- Paperback: 250 pages
- Publisher: Imprint Academic (June 1, 2008)
- Language: English
- ISBN-10: 1845400232
- ISBN-13: 978-1845400231
- Product Dimensions: 6.1 x 2 x 9.2 inches
- Shipping Weight: 15.2 ounces (View shipping rates and policies)
- Average Customer Review: 2 customer reviews
- Amazon Best Sellers Rank: #3,835,276 in Books (See Top 100 in Books)
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Brainstorming: Views and Interviews on the Mind
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"Shaun Gallagher is still one of the best exponents of a mode of philosophizing that he helped to inaugurate... [O]ne gets the feeling that Brainstorming is not so much a construction or even a reconstruction, as a re-enactment of the explanatory journey that charts Gallagher's own attempt to bring the prism of the human mind in to focus... [T]he deftness Gallagher displays in weaving the narrative of Brainstorming into readable and lively text is laudable -- in particular his succinct, clear explication of some highly technical concepts and attendant terms."(Clare MacCumhaill Metapsychology)
"In a philosophical journey, Gallagher explores our understanding of how thoughts, actions and mental states can be generated by brains, and the ways philosophy, neuroscience and cognitive science collaborate in making sense of it all... This fascinating and insightful book is... speculative in all the right ways, mirroring minds and thoughts, and the ways of science itself."(Chris McManus, University College London)
"As one would expect, the discussion is very well-informed and the reader is exposed to a number of perspectives. This makes it more interest not only to general and specialist readers, but also potentially to psychology and philosophy students."(Scientific and Medical Network)
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So what is the argument? Essentially that Computationalism is quite futile in its attempt at explaining most, if any, of the properties of consciousness while Embodied Cognition is more fruitful. To make this argument Gallagher draws from interviews, dialogues and exchanges between various professionals working on the problem of consciousness. They are: Michael Arbib (Action to Language via the Mirror Neuron System), Jonathan Cole (The Invisible Smile: Living without facial expression), Christopher Frith (Making up the Mind: How the Brain Creates Our Mental World), Michael Gazzaniga (Human: The Science Behind What Makes Us Unique), Marc Jeannerod (Motor Cognition: What Actions Tell to the Self (Oxford Portraits in Science)), Anthony Marcel, Jacques Paillard (Brain and Space (Oxford Science Publications)), Jaak Panksepp (Affective Neuroscience: The Foundations of Human and Animal Emotions (Series in Affective Science)) and Francisco Varela (On Becoming Aware: A Pragmatics of Experiencing (Advances in Consciousness Research, 43)).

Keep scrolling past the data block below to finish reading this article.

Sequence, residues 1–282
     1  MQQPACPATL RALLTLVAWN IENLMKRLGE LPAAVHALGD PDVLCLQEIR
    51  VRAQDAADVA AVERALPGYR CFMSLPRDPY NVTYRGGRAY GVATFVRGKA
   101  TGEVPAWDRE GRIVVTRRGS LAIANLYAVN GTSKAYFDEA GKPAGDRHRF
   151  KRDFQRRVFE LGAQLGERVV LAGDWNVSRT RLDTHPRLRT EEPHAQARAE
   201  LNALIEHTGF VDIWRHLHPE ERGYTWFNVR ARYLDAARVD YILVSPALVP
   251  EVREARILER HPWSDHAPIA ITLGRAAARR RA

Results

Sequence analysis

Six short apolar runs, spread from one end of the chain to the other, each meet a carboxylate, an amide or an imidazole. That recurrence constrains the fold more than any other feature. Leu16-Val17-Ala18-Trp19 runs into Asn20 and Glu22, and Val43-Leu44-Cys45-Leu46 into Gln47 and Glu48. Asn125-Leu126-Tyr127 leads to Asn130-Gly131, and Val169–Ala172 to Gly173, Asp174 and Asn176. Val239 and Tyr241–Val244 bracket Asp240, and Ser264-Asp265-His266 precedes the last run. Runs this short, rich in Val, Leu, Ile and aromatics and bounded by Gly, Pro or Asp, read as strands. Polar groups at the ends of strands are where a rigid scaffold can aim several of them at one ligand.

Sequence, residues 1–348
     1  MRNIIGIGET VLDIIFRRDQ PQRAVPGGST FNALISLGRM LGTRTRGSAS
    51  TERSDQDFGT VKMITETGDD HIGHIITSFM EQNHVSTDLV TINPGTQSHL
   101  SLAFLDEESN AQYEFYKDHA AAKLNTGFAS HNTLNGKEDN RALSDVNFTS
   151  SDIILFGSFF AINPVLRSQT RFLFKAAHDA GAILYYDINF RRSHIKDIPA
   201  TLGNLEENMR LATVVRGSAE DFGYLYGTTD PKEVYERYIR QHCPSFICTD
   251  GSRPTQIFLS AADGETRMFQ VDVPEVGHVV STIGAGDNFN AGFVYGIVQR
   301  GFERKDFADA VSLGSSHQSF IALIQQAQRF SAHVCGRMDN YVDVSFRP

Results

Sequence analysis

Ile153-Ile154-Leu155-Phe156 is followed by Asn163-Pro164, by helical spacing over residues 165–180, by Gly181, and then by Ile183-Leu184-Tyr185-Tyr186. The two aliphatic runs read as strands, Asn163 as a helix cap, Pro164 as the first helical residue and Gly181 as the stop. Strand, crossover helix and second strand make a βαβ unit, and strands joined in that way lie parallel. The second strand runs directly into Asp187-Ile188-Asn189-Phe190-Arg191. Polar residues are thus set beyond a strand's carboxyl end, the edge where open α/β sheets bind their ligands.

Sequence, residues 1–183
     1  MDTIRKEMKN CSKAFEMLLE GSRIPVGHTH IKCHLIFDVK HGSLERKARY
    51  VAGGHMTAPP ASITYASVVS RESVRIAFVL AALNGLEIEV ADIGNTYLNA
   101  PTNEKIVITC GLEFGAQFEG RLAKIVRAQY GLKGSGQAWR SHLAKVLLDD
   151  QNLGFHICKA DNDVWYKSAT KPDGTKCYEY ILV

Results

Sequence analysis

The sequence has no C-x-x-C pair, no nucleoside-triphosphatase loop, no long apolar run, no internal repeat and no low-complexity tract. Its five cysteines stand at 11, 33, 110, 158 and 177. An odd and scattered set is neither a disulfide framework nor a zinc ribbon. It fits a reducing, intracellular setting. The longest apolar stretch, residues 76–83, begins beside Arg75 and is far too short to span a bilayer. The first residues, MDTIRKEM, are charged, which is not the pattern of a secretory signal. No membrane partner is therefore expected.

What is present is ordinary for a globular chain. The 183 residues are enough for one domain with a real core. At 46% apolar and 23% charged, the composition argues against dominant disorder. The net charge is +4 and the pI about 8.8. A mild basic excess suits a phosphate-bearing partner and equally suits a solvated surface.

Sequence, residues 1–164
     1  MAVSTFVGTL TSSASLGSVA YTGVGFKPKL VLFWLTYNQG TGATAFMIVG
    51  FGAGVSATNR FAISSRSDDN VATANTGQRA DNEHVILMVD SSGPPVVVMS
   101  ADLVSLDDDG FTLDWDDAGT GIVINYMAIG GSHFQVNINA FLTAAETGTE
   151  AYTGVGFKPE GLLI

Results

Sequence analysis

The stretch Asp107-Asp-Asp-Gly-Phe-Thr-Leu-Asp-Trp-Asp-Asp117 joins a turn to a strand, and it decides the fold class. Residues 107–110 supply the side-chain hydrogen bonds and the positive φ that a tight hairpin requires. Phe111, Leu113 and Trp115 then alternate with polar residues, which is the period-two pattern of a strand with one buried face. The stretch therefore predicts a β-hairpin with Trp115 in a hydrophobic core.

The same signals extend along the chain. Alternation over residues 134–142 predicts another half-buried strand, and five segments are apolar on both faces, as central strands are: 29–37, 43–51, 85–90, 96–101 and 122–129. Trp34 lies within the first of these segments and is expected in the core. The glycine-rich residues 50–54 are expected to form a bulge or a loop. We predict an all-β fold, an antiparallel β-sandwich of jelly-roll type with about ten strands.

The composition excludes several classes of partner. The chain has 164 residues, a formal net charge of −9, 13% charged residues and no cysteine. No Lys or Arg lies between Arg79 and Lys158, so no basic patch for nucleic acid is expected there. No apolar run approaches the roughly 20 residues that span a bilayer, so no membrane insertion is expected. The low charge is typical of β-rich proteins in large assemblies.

I really enjoyed this book and found it very informative in the ongoing debate about Mind/Body, the "hard problem of consciousness", computationalism, embodied cognition and phenomenology. I would simply add that this book is somewhat technical; I don't imagine that a layman could read this book and be completely satisfied. I believe however, that IF someone wanted to read this book without much background in Philosophy of Mind AND was committed to it, then it wouldn't be too difficult to do a little research and catch-up. This would make a great introductory text to studying Embodied Cognition (which is the view that is presently displacing Computationalism in Philosophy of Mind). Here are a couple of other books that are worthy of looking at in this area: Supersizing the Mind: Embodiment, Action, and Cognitive Extension (Philosophy of the Mind) and The Conscious Brain: Facts and Consequences.